Jeff Bezos is no fool. Amazon revolutionized retail, AWS laid the foundation for 21st century computing and the online giant’s recently announced US$13.7 billion-dollar acquisition of Whole Foods may just disrupt how food reaches your table.
This is what makes rumors of a possible US$9.0 billion-dollar acquisition of online communication and collaboration darling, Slack, particularly tasty. Bezos isn’t interested in just market share, he’s shown an affinity for transformative opportunities which have in turn helped lay the foundation for whole new paradigms of business. Now he is taking a shot at UC or unified communications.
According to a recent MarketsandMarkets report, enterprise collaboration is expected to grow at 13.2% CAGR to a US$49.51 billion global market by 2021. It’s not surprising that Bezos wants in.
He isn’t the only one.
Among the hundreds of collaboration products already available and countless hopefuls looking to penetrate the space, Vancouver-based Calyx Bio-Ventures (CYX.V), has worked to set itself apart with a comprehensive suite of communication and collaboration solutions originally developed for the burgeoning legal cannabis market.
I wrote about the company a while back and expressed a few doubts regarding Calyx’s success within the space. Roger Forde, Calyx CEO, rose to the occasion and called to give me a demo. He also did his level-best to explain how Calyx’s potential made it cheap money in a blue-sky market.
First, a recap of Calyx’s portfolio:
Cannigistics, an application management tool, LEAFHub, a secure mass communication platform and IndustryCast, a secure, customizable trading and communications platform.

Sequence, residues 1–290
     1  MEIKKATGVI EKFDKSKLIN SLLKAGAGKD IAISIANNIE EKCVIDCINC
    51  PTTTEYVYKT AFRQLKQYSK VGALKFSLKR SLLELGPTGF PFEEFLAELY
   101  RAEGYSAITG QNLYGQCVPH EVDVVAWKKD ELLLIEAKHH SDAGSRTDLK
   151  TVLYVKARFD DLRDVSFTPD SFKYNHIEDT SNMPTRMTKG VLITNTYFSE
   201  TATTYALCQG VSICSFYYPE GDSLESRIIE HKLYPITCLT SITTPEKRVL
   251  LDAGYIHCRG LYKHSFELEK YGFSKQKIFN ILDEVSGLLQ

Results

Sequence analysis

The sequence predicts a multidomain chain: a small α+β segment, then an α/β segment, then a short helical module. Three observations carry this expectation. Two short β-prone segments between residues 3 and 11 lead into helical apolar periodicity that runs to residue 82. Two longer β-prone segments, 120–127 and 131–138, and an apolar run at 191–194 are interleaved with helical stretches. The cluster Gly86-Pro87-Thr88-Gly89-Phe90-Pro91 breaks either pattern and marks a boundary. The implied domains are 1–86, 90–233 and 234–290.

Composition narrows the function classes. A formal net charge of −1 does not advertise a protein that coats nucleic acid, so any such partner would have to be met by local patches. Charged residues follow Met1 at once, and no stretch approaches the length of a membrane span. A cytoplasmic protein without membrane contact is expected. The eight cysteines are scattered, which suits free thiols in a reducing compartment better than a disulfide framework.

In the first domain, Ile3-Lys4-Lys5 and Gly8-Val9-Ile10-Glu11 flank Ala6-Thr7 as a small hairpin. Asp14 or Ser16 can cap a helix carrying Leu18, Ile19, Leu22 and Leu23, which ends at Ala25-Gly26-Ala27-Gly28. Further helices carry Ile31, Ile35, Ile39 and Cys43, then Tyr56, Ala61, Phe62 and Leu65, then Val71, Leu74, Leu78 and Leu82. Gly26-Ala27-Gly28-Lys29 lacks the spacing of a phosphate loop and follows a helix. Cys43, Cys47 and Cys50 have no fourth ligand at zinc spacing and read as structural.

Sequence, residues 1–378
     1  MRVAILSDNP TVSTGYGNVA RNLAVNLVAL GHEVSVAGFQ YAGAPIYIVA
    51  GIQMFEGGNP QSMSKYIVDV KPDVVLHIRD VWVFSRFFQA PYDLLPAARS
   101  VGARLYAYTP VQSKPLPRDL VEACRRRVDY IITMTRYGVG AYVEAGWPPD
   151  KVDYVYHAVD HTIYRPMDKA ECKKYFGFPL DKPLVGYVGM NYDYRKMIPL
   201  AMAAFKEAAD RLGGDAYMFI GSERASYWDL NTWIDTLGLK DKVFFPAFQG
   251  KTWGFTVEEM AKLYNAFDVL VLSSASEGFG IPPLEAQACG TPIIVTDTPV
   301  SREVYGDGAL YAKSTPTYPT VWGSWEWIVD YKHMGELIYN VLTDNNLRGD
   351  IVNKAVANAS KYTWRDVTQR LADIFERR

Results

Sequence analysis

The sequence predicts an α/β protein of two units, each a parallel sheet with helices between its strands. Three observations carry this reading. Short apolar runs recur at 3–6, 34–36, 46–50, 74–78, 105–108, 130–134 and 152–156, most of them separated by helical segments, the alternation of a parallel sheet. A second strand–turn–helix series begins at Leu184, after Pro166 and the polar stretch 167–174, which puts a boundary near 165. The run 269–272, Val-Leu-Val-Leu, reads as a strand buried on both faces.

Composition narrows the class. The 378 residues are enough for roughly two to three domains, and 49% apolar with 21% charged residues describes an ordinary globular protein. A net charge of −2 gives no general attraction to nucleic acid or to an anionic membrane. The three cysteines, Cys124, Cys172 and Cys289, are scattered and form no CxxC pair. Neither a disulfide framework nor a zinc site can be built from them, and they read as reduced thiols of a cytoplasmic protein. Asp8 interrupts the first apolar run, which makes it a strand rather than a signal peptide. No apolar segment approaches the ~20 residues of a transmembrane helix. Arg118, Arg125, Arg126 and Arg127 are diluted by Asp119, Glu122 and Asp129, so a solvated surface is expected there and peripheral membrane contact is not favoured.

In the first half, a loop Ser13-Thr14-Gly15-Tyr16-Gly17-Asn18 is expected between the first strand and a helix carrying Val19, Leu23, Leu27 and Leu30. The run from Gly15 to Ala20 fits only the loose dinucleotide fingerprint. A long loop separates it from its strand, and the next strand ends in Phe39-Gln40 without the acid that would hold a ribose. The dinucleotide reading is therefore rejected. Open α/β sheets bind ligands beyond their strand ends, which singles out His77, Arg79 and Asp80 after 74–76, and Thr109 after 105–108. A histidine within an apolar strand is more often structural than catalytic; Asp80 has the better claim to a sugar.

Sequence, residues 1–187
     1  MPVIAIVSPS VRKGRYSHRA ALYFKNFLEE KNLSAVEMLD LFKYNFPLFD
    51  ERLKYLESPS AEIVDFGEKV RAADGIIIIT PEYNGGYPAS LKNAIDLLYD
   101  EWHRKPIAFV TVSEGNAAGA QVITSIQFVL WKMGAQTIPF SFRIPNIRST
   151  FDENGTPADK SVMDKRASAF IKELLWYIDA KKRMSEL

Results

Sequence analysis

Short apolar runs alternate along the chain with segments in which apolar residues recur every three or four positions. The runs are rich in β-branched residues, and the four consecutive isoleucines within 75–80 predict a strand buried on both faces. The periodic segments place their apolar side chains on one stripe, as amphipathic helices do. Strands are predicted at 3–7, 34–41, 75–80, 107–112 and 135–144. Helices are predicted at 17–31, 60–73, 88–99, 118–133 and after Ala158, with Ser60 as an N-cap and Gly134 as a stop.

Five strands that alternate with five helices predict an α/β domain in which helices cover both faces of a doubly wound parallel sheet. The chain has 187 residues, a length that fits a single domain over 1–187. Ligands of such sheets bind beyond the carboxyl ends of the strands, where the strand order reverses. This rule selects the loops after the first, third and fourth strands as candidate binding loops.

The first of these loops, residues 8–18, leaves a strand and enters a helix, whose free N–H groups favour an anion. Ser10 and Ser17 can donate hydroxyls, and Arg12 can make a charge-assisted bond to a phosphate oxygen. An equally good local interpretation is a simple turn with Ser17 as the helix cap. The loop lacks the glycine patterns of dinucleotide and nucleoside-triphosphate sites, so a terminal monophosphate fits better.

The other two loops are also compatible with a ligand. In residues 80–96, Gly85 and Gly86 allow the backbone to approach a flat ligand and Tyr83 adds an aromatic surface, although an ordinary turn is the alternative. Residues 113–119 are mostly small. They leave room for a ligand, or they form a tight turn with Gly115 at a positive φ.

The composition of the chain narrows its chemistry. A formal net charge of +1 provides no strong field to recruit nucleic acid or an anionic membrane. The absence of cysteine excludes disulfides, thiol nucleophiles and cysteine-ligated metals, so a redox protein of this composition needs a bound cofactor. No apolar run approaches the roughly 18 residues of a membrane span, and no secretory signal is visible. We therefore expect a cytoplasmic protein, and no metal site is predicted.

Cannigistics started as a tool for the medical marijuana industry, but now is sold as a SaaS application management solution for any industry interested in advanced application access, optics and control.
LEAFHub is meant to be a gathering ground for MMJ industry peers where in a secure environment, industry participants can better connect with their peers, stay abreast of critical information and bridge gaps with new segments rising within the space.
Last but not least, there’s IndustryCast. This broadcast platform is meant to provide an opportunity for everyone in a particular industry to be connected through a single platform. It’s meant to drive industry innovation and awareness in a secure environment.
Let’s talk about marijuana for a bit. All eyes are still on production and branding. Everybody wants to invest in the Starbucks of weed, but no one seems to be talking about the systems required to efficiently administer market players as they potentially grow into national corporate concerns.
Compliance, workflow optimization, logistics and employee management are vital, and it feels as though cannabis industry entrepreneurs are re-inventing the best practices wheel every time a new dispensary opens and/or LP gets their license.
To compound this, Deloitte put out a report recently that estimated Canada’s potential recreational weed market at $22.6 billion. According to Deloitte’s math, we would need 600,000 kg annually to meet that demand.